The Will to Utopia

The Will to Utopia


Every child, it seems, is a born utopian. That native urge to create new realms lies dormant for the first few years of life, not needed yet, held in check for more fundamental urges: learning to eat and crawl and babble and poop in a socially acceptable fashion; discerning sense from the 4D sound-and-light-and-smell-and-taste-and-touch show emanating 24/7 from the theatre we’ve been abruptly chuted into. 
But as soon as we can hold a block or wield a crayon, as soon as the imagination takes a firmer grip upon the steering levers of consciousness, we begin to build. We build towers, as ambitious and as precarious as any Babel. We build cities, circumscribed by laws laid out by the gods Lego and Mattel. We build societies, with leaders and followers, heroes and villains, with histories and intrigues. Locked in a wider world we can’t quite understand, let alone control, we build our own worlds—private microcosms—over which we can lord. 

Like any kid, I had my own peculiar world-building fixations. I laid out streets and engineered neighbourhoods for my stumpy, legless, bullet-domed Fisher Price volk. I played pint-sized Jane Jacobs in the shadows of my parents’ basement. There is an old Kodachrome photo of me as a boy, ever the good Catholic, arranging Star Wars action figures between pews of building blocks so they could attend Sunday Mass at a cathedral; in my world, Boba Fett couldn’t be an intergalactic bounty-hunter without first receiving Communion. 
Perhaps my oddest obsession was renovating the Maginot Line. I had read about the French fortifications in an illustrated history book and was particularly struck by the cross-section diagrams of the underground chambers, tunnels and military installations, a vast network of subterranean routes and rooms for a strategically inept nation of mole people. Built in the 1930s to withstand a German assault, at the cost of three billion francs, the Maginot Line became a World War 2 footnote and punch line when the Nazis simply did an end-run around the 200-mile barrier, through Belgium, on their blitzkrieg to Paris. 
Room with no view: an artist’s rendition of the Maginot Line

I didn’t care. It was still a marvel of futuristic construction to my suburban imagination. I filled countless notebooks with improvised sketches for my own Maginot Lines. I drew whole cities tunnelled into the earth, filled with ant-bodied stick-men, bustling about, as I imagined adults must do, an underground utopia of perpetual motion. 


Perhaps my Maginot mapping prepared me for my first year of university. I attended a school infamous for its own labyrinth of tunnels, which linked parking lots and classroom buildings and maintenance lairs, a heated escape from a never-ending winter above ground that often dipped to -30°C. It was rumoured that some grad students, as they shuttled vampirically from library to office to student residence, hadn’t seen the sun in months, even years. Perhaps, too, the distance between the orderly city of tunnels I’d crayoned onto my childhood drawing pads and the imperfect, often frustrating maze of this suburban low-grade university hinted at the gap that persists between the worlds that we manage to build and the ones we like to imagine.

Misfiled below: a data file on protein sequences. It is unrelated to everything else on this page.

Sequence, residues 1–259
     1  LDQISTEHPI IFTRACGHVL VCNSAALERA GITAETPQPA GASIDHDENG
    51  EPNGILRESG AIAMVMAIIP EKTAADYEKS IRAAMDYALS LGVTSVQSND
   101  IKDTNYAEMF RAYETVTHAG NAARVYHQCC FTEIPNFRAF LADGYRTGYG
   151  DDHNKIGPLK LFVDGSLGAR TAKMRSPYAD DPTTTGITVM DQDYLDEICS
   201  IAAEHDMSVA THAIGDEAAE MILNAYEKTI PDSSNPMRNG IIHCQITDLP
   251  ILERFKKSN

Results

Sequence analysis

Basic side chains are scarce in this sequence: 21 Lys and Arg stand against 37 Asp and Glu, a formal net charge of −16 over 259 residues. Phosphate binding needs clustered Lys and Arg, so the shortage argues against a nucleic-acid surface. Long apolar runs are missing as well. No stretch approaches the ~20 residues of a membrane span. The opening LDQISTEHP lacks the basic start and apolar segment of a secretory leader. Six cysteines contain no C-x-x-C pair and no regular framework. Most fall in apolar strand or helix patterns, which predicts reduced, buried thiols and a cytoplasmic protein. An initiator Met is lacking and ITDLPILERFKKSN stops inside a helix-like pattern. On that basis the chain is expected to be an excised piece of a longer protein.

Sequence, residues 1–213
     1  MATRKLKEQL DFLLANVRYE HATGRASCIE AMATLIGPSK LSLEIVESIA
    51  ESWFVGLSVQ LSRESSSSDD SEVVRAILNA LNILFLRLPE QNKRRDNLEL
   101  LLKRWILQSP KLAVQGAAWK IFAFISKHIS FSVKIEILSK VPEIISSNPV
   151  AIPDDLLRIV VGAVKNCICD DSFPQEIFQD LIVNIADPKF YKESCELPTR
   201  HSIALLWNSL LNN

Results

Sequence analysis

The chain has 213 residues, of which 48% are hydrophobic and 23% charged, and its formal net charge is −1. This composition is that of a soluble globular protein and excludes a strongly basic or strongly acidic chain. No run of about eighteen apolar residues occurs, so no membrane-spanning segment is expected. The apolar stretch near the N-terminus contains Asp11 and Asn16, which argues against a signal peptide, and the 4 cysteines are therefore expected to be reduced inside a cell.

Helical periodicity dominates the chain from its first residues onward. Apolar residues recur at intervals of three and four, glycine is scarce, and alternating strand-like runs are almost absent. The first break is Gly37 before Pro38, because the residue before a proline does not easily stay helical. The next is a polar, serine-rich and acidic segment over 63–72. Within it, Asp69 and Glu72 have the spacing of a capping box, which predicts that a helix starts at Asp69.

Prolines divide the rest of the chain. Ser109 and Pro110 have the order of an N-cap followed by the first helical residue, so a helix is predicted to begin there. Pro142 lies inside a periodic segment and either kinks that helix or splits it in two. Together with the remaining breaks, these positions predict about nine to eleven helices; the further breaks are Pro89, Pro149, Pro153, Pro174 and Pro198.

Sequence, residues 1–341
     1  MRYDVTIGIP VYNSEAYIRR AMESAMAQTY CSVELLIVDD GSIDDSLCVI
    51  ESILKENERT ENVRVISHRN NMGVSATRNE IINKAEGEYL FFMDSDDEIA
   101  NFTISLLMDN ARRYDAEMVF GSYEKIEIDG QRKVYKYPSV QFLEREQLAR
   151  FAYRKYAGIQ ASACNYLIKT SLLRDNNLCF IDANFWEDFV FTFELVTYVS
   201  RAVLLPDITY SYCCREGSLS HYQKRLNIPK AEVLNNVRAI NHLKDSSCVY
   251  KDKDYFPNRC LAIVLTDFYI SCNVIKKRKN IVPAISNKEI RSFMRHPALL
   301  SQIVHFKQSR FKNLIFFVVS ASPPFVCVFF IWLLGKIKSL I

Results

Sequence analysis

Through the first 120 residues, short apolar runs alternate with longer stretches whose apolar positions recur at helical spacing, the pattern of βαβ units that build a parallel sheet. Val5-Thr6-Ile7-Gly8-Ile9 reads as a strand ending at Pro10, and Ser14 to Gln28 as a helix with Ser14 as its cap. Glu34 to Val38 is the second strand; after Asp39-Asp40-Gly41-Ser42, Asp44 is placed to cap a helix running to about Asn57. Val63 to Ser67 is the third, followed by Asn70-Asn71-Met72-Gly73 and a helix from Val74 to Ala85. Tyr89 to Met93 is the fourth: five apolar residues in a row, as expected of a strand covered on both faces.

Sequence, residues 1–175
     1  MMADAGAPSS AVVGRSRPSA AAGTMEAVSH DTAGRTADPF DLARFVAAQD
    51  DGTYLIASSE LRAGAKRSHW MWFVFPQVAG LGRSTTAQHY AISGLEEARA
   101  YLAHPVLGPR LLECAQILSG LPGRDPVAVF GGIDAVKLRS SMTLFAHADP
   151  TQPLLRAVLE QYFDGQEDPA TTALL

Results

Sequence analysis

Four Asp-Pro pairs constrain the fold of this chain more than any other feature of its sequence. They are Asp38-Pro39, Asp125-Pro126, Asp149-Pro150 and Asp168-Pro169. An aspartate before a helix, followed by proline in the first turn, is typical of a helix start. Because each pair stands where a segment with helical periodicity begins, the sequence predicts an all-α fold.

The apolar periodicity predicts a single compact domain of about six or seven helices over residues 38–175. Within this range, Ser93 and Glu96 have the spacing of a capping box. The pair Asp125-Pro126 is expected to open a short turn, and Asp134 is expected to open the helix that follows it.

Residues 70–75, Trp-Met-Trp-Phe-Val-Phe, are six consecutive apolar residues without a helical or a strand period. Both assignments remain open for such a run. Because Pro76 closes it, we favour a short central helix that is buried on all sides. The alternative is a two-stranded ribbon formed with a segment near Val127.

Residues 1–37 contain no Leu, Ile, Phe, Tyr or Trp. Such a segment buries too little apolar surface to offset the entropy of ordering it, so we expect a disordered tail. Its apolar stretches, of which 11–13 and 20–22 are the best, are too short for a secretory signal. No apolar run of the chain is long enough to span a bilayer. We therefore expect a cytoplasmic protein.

Lewis Mumford, the renowned urban historian and social critic, called our city-making instinct the “will-to-utopia”. “It is our utopias that make the world tolerable to us,” he wrote, in his book The Story of Utopias, (published in 1922, just over a decade after the first kibbutz). “The cities and mansions that people dream of are those in which they finally live.” In his historical overview of the phenomenon, Mumford distinguished several different species of utopia. Our childhood visions of alternate realities perhaps best fit what he called the “utopia of escape”: fantasy worlds into which the human imagination could insinuate and find temporary respite from the drudgery or even pain of daily life. A picture of a Caribbean beach tacked to a cubicle wall. A Disneyland of the mind. Or Disneyland itself—utopia as a pret-a-porter escape from reality, a return to innocence (and over-priced amusements).

As one of the first true urbanists, a scholar of the city and the rich cultures it spawned, Mumford was less interested in escapist fantasies (like my Maginot dreams) and more curious about what he called the “utopias of reconstruction”. Utopia as a blueprint for a better way of life. Utopia as the most ambitious social-engineering project possible. Utopia as a cure for the messiness of modern life—or ancient life, for that matter. He described the Utopia of Reconstruction as “a vision of a reconstituted environment which is better adapted to the nature and aims of the human beings who dwell within it than the actual one.”

To me, that sounds a lot like the first kibbutz.